Donald V. Watkins
Flayed and Lynched: The Frank Embree Story
Updated: Oct 11, 2022
By: Donald V. Watkins
Copyrighted and Published on September 24, 2022
In the age when MAGA right-wing conservatives constantly try to recast the documented history of racism against African-Americans as “critical race theory,” it is important that we re-establish the undisputed truth about our nation's ugly past.
The documented account of Frank Embree’s flaying and lynching in Fayette, Missouri on July 22, 1899 has been told in modern times by the acclaimed Equal Justice Initiative, Face2Face Africa, and Patreon. I am telling this story again today so we, as a nation, are not lulled into a state of blissful ignorance about our true history.
The Unvarnished Truth About Frank Embree's Lynching
On June 17, 1899, Miss Willie Dougherty, the 14-year-old daughter of Wood Dougherty, was dragged from the horse she was riding to Burton to visit a friend and was assaulted by a black man who, in the various reports of the rape, was originally called “the fiend,” “the black brute,” “the negro ravisher,” etc.
The attacker was riding a horse owned by John Collins and the “brute” was assumed to be Collins’ nephew, Frank Emory, as he was called in the June 22, 1899, Democrat-Leader. The nephew’s real name was “Embree” and he was from Garnett, Kansas.
A huge advertisement offered a $300 reward for “Emory’s” capture -- $150 from Sheriff G.D. Gibson and $150 from Governor Lon Stephens. Miss Dougherty’s dad led the posse to capture Embree, but failed.
Embree made it back to Garnett before being taken by Kansas authorities, who then had an internal struggle over who got the $300 reward, the sheriff or the city marshal.
The July 6, 1899, Democrat-Leader had a lengthy story about the capture and removal of Embree (first to Huntsville, then to Mexico), Embree’s plea of innocence, his statement of why he fled the area, and the route Embree took to Kansas when he realized he was the target of mob action led by Dougherty.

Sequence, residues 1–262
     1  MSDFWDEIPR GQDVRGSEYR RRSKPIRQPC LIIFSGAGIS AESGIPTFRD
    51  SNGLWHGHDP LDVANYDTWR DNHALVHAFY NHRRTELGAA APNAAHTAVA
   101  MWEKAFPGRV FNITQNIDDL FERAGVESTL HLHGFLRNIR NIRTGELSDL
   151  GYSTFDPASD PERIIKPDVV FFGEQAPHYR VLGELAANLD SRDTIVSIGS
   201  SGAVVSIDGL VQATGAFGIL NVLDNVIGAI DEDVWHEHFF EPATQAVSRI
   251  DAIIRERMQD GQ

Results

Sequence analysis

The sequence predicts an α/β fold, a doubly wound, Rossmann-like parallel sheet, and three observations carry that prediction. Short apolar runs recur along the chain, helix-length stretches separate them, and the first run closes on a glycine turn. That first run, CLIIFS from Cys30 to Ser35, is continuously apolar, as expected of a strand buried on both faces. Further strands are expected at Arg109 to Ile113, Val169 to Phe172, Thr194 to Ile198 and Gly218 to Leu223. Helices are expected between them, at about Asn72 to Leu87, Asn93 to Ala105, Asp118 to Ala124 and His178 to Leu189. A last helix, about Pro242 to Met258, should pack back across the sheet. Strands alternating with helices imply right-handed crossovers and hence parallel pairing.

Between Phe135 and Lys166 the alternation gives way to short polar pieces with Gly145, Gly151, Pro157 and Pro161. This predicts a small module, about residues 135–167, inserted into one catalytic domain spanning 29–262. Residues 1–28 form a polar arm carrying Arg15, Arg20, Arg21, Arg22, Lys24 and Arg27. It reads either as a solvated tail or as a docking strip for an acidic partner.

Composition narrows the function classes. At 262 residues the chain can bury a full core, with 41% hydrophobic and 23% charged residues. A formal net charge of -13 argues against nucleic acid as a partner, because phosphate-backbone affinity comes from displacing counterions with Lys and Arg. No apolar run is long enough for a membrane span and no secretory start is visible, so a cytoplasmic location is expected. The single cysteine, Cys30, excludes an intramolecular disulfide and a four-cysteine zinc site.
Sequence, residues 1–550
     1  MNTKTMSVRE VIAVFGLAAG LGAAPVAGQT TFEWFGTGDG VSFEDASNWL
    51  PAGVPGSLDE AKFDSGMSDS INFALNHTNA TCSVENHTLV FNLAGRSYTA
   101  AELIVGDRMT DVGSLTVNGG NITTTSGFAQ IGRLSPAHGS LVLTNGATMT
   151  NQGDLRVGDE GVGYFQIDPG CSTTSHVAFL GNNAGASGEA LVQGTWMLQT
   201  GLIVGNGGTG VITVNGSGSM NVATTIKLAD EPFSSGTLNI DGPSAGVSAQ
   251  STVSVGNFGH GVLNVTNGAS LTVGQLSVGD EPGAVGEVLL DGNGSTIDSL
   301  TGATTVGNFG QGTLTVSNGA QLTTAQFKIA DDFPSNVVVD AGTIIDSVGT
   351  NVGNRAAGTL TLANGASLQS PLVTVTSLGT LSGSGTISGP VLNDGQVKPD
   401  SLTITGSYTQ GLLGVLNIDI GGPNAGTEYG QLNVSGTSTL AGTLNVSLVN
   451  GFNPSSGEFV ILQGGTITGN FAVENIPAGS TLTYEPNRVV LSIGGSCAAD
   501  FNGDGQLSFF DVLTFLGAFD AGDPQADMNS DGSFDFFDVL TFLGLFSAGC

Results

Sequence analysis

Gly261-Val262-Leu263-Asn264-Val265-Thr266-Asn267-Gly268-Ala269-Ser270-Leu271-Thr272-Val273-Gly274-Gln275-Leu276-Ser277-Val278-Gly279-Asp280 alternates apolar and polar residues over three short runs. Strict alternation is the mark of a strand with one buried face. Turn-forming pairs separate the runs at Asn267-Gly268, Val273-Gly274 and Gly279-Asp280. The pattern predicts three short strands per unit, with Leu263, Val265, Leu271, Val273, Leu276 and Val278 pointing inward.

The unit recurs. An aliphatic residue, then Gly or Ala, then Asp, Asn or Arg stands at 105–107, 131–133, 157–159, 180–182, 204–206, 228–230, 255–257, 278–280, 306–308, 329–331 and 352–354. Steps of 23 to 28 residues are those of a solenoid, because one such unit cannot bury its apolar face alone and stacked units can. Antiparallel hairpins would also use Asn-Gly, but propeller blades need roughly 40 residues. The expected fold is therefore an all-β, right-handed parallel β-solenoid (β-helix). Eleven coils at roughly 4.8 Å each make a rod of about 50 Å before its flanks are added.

The July 13, 1899, Democrat-Leader used a story from the Mexico Intelligencer regarding the formation of a mob of up to 1,000 that had plans to bypass the law and a trial, causing Embree to request a transfer to Kansas City for his safety.
The Intelligencer called for law and order and closed with the following: “He (Embree) might be the wrong negro and the law should be allowed to take its own course.” Instead, a decision was made to transfer Embree to Howard County on a railroad car to Steinmetz, then by wagon to Fayette, via Burton.
On the morning of July 22, 1899, a white mob abducted Frank Embree from officers transporting him to stand trial and lynched him in front of a crowd of over 1,000 onlookers in Fayette, Missouri. About one month earlier, Frank Embree had been arrested and accused of assaulting a white girl. Though his trial was scheduled for July 22, the town’s residents grew impatient and, rather than allow Mr. Embree to stand trial, took matters into their own hands by lynching Mr. Embree. According to newspaper accounts, the mob attacked officers transporting Mr. Embree, seized him, and loaded him into a wagon, then drove him to the site of the alleged assault. Once there, Mr. Embree’s captors immediately tried to extract a confession by stripping him naked and whipping him in front of the assembled crowd, but he steadfastly maintained his innocence despite this abuse.
After withstanding more than 100 lashes to his body, Mr. Embree began screaming and told the men that he would confess. Rather than plead for his life, Mr. Embree begged his attackers to stop the torture and kill him swiftly.